Discussion We have found evidence to support the central hypothesis: There is a positive correlation between the degree of COTS evaluation and the success of the acquisition. The author works there and knows all the projects. This was to learn whether there is a pattern in the cause of failure.Why COTS acquisition fails In order to investigate further the relation between evaluation and the reasons for failure I looked at each project categorized as failed and asked the following question: “To what extent would proper evaluation of each criterion have avoided failure”. Apart from this. It seems that behind any criterion is a possible trap that may lead to the failure of the project. Causes of failure in COTS acquisitions There is a small tendency towards integration being a pain point. since “Familiar integration technology” and lack of a “System context” diagram stick out as a bit more prevalent as causes of failure. if it is not evaluated and mitigated before implementation. The pattern can be seen in figure 3. Cumulative score 7 6 5 4 3 2 1 0 Performance Exit strategy Support Process Crime Price Cultural compatibility Familiar integrationtechnology Strategic fit for company Suppliers experience Supplier financial stability Strategic fit for supplier TCO . it is relatively mixed what causes failure. Time to market Sytem context Upgrade .business case Requirements Usability Interface definition Project team Product maturity Conceptual model Product roadmap Causes of failure Figure 3. but it should be noted that the success score compares well with the perceived success at the company. It could be argued that the success score is an artificial meassure that may not have any validity in the real world. Furthermore we found that successful projects evaluated significantly more than failed projects. Each of the six groups of evaluation criteria are represented. They also considered more diverse sets of criteria. It could be for example that it was consistently the missing evaluation of operations related criteria.
Successful projects in general have a higher degree of evaluation. The reason is probably that they are typically silo implementations with very limited integration need and that they can more easily be contained in the head of a single person. . Conclusion For practitioners. you should either evaluate more thoroughly or make the project smaller in order to increase the chances of success.Looking at failed projects it was not possible to see any distinct pattern in the failures based on what criteria should have been evaluated in order to change the result of the project. Make sure to evaluate relevant criteria from each of the six groups: Functionality. but you should always consider them. Implementation. So. This is probably why successful implementation of a COTS is tied closely with a diverse evaluation that provokes reflection about all six groups of evaluation criteria. both tend to forget risk and operation. 4. They may not always be equally important. In this article we have found that 1. Whether it is IT development or the business. there are a handful of lessons that can be learned from this study. 5. we were able to specify these two forces against each other. This is not really a new insight and the size is not either usually something that can be adjusted. This entails cutting up the requirements in chunks. just to get the COTS system working and then expanding functionality. Very small projects (below 2 FTE) seem to behave completely different from larger projects. It could be to make a minimal implementation as a first step. 3. In order to maximize the chances of a successful COTS acquisition the following guidelines can be offered: Keep the acquisition project as small as possible. which seem to focus on a few groups of evaluation criteria. The size of the project has a negative effect on the chances of success. 6. Thus. There is no single cause or even a vague pattern in what specific lack of evaluation leads to failure. Integration and Operation. The high evaluation degree of success projects could have been attributed to a very thorough evaluation of a subset of evaluation groups (for example operations and functionality). Strategy. They can turn out successfully with none or a minimum of evaluation. 2. Successful projects have a more diverse evaluation pattern than failed projects. since it depends on the business requirements. when a project grows with one FTE. Never the less there are ways to minimize the COTS acquisition. This is not surprising and has been found in other studies. What typically happens is that business users run the acquisition and only evaluate functionality and strategy and forget that it also has to be implemented and integrated. It is a very distinct pattern which is not trivial. Risk. but since we also found that evaluation has a positive effect on the success of the project. There is an overall positive relationship between the degree to which an acquisition of a COTS has been evaluated and the degree to which it can be called a success. or IT sees it as a technical job and concentrates only on implementation and integration and forgets that it also has to be used by someone. it is necessary to evaluate 2 criteria thoroughly in order to maintain the same chance for success.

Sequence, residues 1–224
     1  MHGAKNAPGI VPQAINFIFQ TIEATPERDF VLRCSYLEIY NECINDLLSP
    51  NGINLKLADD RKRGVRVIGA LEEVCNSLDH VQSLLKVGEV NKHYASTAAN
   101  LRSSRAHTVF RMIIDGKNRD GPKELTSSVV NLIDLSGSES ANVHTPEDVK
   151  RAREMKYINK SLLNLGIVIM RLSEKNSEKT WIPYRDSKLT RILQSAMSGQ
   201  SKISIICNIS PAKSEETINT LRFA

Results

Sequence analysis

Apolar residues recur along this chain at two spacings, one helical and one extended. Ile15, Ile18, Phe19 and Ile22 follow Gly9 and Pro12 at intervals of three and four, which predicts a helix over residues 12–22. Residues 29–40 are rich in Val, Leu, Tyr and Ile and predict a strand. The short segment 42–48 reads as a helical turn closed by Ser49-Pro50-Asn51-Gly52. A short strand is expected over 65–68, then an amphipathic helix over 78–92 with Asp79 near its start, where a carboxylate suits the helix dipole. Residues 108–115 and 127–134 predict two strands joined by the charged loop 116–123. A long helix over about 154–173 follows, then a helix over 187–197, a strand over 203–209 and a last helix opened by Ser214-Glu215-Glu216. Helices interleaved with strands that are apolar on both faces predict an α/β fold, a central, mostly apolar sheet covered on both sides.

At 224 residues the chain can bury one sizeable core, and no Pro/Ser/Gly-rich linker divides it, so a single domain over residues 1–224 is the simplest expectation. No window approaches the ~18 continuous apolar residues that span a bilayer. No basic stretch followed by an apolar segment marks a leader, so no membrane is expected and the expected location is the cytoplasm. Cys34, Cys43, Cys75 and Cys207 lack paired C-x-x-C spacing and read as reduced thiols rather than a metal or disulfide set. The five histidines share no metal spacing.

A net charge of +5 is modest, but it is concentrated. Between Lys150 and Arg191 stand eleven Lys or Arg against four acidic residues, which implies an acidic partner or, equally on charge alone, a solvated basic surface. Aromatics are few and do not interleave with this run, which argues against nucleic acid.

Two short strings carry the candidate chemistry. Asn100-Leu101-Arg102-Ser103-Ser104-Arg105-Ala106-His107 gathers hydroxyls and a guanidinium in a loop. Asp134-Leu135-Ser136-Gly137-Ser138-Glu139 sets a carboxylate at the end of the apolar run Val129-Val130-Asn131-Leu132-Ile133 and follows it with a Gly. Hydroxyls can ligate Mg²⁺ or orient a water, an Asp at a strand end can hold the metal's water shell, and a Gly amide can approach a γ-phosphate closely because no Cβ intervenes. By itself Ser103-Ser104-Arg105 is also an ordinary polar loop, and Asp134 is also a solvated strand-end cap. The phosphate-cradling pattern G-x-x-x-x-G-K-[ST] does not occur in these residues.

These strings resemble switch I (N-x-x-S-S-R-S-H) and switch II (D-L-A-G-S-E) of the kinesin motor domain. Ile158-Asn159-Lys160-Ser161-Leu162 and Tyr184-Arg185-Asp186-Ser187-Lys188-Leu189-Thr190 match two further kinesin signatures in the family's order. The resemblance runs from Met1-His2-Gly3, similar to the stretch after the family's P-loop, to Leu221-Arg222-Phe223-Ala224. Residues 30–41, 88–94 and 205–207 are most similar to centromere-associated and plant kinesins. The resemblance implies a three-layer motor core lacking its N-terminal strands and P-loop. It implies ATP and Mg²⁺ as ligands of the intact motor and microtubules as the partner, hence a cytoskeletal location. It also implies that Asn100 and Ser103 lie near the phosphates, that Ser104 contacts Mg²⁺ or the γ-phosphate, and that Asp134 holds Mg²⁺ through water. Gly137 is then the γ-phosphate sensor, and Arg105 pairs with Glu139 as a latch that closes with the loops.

but the function is probably not linear when you expand the size significantly beyond 30 Full Time Equivalents. One caveat is that you should probably have access to people with good business and technical knowledge in order to pull it off. you should probably not waste too much time selecting the COTS. 53. 2004 Land. Only further research will be able to settle this. Issue 2. You should take seriously the fact that large projects are more complex and therefore need to be evaluated from many more angles than the average project. James Miller. Planning and Innovation (Transport Economics. 2008 Hean Chin Yeoh. D. What this means is that if you want to implement a spamguard service you will probably not gain a lot by charting a 3 month project with 200 different criteria. since the chances of success are good. IEEE Software. 2010 Flybjerg. (8): 63-71. and Policy). Another problem is whether we can generalize the results from the cases studied here to larger projects. Edward Elgar. A further study must reveal whether or not the results in this study can be meaningfully expanded beyond projects of a size larger than 20 people. Jan & Jan Karlsberg: “Seven Principles for Selecting Software Packages”. Vol. Vol. F. “COTS Selection Best Practices in Literature and in Industry”: 100-111 in Mei. "COTS Acquisition Process: Incorporating Business Factors in COTS Vendor Evaluation Taxonomy. Bent & Bernt van Wee (eds) “Decision-Making on Mega-Projects: Cost-Benefit Analysis. & Long. Hong (ED) High Confidence Software Reuse in Large Systems. Berlin / Heidelberg. Communications of the ACM. Rikard et al. IEEE International Symposium on. References Carney. 10th IEEE International Symposium on Software Metrics (METRICS'04). 17. Don’t overdo evaluation of small projects. The larger the project the more thoroughly you should evaluate the criteria. 2008 . They may be both industry specific and even company specific. So. Management. 2000 Damsgaard. When the implementation is estimated to be a small project. 84-95. pp. The problem stems from the fact that the regression is a linear approximation. “What Do You Mean by COTS? Finally a useful answer”." Software Metrics. This is the most surprising conclusion. It is difficult to state with certainty how far we can generalize these results. Springer. The evaluation score consists of number of criteria multiplied by a rating between 1 and 3. The regression equation we found may even give you some indication of exactly how thorough you should be depending on the size of your project: If the project is estimated to take 10 Full time equivalents to implement you would need to have an evaluation score of 93 in order to have maximum success. 83-86. you have to evaluate 31 criteria very thoroughly (with a score of 3) in order to be likely to land a COTS implementation of that size.